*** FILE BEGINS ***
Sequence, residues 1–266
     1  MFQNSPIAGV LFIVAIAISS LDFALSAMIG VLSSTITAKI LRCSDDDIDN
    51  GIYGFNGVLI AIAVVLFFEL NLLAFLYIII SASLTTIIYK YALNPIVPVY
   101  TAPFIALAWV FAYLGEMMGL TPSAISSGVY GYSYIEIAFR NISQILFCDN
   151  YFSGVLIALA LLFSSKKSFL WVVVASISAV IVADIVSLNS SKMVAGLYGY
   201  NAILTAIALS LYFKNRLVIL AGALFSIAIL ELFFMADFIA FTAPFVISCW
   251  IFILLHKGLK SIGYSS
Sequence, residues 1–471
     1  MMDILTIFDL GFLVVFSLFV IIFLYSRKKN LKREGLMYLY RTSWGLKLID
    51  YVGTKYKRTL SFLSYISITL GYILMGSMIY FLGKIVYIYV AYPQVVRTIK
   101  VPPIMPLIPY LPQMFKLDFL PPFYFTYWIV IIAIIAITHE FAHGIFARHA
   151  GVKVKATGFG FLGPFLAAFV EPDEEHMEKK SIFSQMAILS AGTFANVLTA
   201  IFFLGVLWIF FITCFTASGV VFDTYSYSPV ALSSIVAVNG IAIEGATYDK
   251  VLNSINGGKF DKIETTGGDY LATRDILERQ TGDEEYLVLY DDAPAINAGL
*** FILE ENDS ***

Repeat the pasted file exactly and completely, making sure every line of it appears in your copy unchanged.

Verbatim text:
Sequence, residues 1–266
     1  MFQNSPIAGV LFIVAIAISS LDFALSAMIG VLSSTITAKI LRCSDDDIDN
    51  GIYGFNGVLI AIAVVLFFEL NLLAFLYIII SASLTTIIYK YALNPIVPVY
   101  TAPFIALAWV FAYLGEMMGL TPSAISSGVY GYSYIEIAFR NISQILFCDN
   151  YFSGVLIALA LLFSSKKSFL WVVVASISAV IVADIVSLNS SKMVAGLYGY
   201  NAILTAIALS LYFKNRLVIL AGALFSIAIL ELFFMADFIA FTAPFVISCW
   251  IFILLHKGLK SIGYSS
Sequence, residues 1–471
     1  MMDILTIFDL GFLVVFSLFV IIFLYSRKKN LKREGLMYLY RTSWGLKLID
    51  YVGTKYKRTL SFLSYISITL GYILMGSMIY FLGKIVYIYV AYPQVVRTIK
   101  VPPIMPLIPY LPQMFKLDFL PPFYFTYWIV IIAIIAITHE FAHGIFARHA
   151  GVKVKATGFG FLGPFLAAFV EPDEEHMEKK SIFSQMAILS AGTFANVLTA
   201  IFFLGVLWIF FITCFTASGV VFDTYSYSPV ALSSIVAVNG IAIEGATYDK
   251  VLNSINGGKF DKIETTGGDY LATRDILERQ TGDEEYLVLY DDAPAINAGL